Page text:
For new documents — the ones not already sitting in the file cabinets, but the ones that come into the firm daily — a digital intake center can be set up so documents are scanned upon receipt. Think of it as a digital mailroom. Paper document retention is governed by regulations and only those hard copies legally required to be kept are not tossed in the shred pile.
Intelligent process automation is another piece of technology designed to streamline processes, using robotic process automation (RPA) and artificial intelligence (AI) to carry out activities traditionally done by humans, e.g., sorting and storing legal documents according to a specified workflow.
These types of technologies allow law firms to work more collaboratively from any location, cut down on physical space needed to house offices, and enable faster and more efficient document processing, freeing up employees for more important jobs.
But, you may ask, isn’t it dangerous to have all that classified information stored somewhere intangible, like the cloud? There is so much news about hacks and data breaches, aren’t we more susceptible? And what if there is a natural disaster or what if the computers just break? What happens to all the data?
Well, of course, it is essential that law firms have a solid backup and disaster recovery (BDR) program in place. This ensures that data is housed in more than one place and is secured by standards that meet all compliance and privacy regulations applicable to law firms.
Having data backups is absolutely essential — and most businesses understand that. If you’re having a hard time adjusting to the idea of digital document storage, think about the safety of the paper documents that were sitting in the office. They may have been locked in file cabinets in a building with a security system and guards, but did that really ensure they were completely safe? Only if there were multiple copies of those documents in different geographic locations would they be completely secure from theft or damage — and that would be a lot of space to use for paper document storage.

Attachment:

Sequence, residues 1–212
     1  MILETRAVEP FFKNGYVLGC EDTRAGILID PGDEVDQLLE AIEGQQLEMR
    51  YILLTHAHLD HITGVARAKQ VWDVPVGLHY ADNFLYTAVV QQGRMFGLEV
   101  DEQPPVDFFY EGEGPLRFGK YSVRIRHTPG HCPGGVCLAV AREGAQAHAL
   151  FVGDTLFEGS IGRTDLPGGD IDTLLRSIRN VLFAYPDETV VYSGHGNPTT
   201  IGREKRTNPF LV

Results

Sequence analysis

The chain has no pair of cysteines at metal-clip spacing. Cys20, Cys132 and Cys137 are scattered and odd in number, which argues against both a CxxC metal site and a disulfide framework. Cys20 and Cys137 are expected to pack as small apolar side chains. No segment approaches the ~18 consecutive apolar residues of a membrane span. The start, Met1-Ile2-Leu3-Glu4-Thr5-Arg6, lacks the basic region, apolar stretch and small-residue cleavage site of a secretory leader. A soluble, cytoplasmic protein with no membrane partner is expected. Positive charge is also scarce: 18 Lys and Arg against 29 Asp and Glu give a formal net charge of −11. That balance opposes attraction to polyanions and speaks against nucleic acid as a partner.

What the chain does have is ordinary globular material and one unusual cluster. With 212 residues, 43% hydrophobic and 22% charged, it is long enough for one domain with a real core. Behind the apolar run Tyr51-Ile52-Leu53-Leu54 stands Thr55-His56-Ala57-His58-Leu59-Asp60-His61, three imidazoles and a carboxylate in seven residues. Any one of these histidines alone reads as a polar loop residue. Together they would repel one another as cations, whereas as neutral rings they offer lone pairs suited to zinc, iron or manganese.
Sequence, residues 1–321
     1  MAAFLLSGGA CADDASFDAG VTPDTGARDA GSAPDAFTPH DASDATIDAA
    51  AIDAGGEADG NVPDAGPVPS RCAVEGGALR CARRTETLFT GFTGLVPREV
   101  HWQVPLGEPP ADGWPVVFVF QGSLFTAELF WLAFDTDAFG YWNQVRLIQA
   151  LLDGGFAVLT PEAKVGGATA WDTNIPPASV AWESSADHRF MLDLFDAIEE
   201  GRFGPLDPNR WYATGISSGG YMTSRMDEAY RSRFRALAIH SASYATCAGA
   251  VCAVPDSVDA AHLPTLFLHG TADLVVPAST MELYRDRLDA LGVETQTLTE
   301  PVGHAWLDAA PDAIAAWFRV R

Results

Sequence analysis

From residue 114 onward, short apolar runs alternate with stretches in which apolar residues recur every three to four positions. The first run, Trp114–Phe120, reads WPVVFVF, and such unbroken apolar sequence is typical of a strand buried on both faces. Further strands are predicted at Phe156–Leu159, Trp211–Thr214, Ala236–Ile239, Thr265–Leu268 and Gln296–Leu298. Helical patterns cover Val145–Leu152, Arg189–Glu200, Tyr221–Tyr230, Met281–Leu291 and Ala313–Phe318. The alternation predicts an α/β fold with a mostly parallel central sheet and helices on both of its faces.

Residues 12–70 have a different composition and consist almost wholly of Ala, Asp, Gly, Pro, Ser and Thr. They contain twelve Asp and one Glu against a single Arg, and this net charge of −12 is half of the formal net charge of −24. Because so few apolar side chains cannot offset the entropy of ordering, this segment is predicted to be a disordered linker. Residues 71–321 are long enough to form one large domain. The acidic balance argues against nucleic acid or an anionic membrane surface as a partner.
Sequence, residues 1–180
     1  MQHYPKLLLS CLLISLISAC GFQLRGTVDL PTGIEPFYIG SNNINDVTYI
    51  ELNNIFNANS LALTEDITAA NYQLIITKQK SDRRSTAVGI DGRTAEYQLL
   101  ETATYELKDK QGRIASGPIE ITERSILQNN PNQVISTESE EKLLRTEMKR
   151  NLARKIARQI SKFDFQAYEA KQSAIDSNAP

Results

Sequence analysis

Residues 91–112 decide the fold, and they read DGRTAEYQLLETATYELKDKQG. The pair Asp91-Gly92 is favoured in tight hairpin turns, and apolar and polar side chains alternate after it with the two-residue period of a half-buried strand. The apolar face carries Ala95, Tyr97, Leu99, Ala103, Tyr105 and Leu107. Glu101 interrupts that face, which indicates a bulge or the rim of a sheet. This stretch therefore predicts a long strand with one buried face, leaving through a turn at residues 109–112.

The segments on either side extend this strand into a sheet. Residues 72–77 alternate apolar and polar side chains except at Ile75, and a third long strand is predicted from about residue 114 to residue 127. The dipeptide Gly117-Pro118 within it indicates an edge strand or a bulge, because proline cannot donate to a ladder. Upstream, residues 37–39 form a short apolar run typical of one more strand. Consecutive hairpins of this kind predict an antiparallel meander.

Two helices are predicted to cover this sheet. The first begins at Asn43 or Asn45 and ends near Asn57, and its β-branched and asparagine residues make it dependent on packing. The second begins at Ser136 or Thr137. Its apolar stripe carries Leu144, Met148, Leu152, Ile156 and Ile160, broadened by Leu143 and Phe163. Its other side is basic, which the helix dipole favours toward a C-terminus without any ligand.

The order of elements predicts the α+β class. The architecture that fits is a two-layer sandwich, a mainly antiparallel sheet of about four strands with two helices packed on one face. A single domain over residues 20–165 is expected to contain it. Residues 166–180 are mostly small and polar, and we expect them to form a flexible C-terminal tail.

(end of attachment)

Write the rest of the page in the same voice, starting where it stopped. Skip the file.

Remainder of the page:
The cloud, which enables data to be housed in centralized repositories, also enables that data to be backed up to multiple locations. Data centers dedicated to this type of service allow automated, encrypted backups of data to one or more geographical locations. This ensures that in the event of a data breach or hack, normal operations can be restored and business as usual can continue. It also protects against natural disaster — damage done to computer equipment by floods, fires or other forces of nature. And it also protects against human error. When files are cloud-based and centralized, the loss of a laptop computer is less damaging.
Of course, files are still accessible via those individual employee laptops, tablets and other devices, so it is important that the IT staff of a law firm have policies in place for use of personal devices, encryption of computer hard drives and regular virus and malware scans of devices as well as the entire network.
There is no type of business in the world these days that is immune from technical problems, but there are some that are more vulnerable than others. For law firms, with so much classified data to deal with, staying up to date with technology is vital. By utilizing the best technical offerings available, putting best practices into place and staying aware of employee activity, law firms can not only stay secure and in compliance, they can become more productive; increase collaboration and save money in fines; physical office space and employee time.
Bahar Ferguson is the president of Wasatch I.T., a Utah provider of outsourced IT services for small and medium-sized businesses.